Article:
- Ensure your credibility and increase the likelihood of success by finding out the core facts and figures about your issue
- Become well-educated on the impact of your issue
Once you have identified your issue, you need to do your research. Research helps you decide what you want to change, how you will go about it, and who to approach (i.e. your "audience").
There are many sources of information that can provide you with the information you need. Using a variety of sources and perspectives will give your advocacy both substance and credibility.
Information you might seek out
- Are there other personal stories that will help illustrate your issue?
- How many people are affected by your issue?
- What are the social or economic costs of not addressing your issue?
- What is currently being done to address your issue? What has been done in the past?
- What other people or groups are involved in addressing your issue?
Tips for researching your issue
- Enlist the assistance of librarians at your local public library to help you find and interpret more complicated sources such as legislation or policy.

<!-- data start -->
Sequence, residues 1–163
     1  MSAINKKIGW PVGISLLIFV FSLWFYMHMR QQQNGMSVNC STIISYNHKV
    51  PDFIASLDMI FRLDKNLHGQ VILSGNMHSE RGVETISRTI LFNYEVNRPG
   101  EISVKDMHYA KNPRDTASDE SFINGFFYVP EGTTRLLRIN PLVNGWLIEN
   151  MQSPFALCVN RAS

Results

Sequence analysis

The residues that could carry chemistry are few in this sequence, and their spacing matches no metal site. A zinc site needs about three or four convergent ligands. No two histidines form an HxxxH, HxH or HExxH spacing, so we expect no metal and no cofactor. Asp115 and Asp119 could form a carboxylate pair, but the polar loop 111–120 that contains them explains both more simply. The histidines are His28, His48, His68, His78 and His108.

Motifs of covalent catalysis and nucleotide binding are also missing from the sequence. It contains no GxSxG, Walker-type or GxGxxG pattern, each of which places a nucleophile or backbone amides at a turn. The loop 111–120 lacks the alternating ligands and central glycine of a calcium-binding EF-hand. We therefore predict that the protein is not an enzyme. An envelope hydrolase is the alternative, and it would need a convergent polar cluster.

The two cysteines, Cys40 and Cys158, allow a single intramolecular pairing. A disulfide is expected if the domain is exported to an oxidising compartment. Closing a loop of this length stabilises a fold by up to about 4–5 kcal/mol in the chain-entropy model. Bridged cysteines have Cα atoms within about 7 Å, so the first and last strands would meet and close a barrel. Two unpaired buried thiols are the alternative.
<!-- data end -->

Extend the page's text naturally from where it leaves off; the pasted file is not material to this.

- Search The Arthritis Society's website for information about your issue. The Arthritis Society's website has a wealth of information about arthritis. Use the "Search" bar, using key words, to find information relevant to your issue.
- The Open Forum Community on The Arthritis Society's website can help you to easily find relevant information from others in an informal, discussion-type setting. Feel free to ask questions – the Open Forum Community membership is always willing to help!
- Use tools such as quotation marks, the "+" key between your search terms and the "websites from Canada" button when using internet search engines such as Google.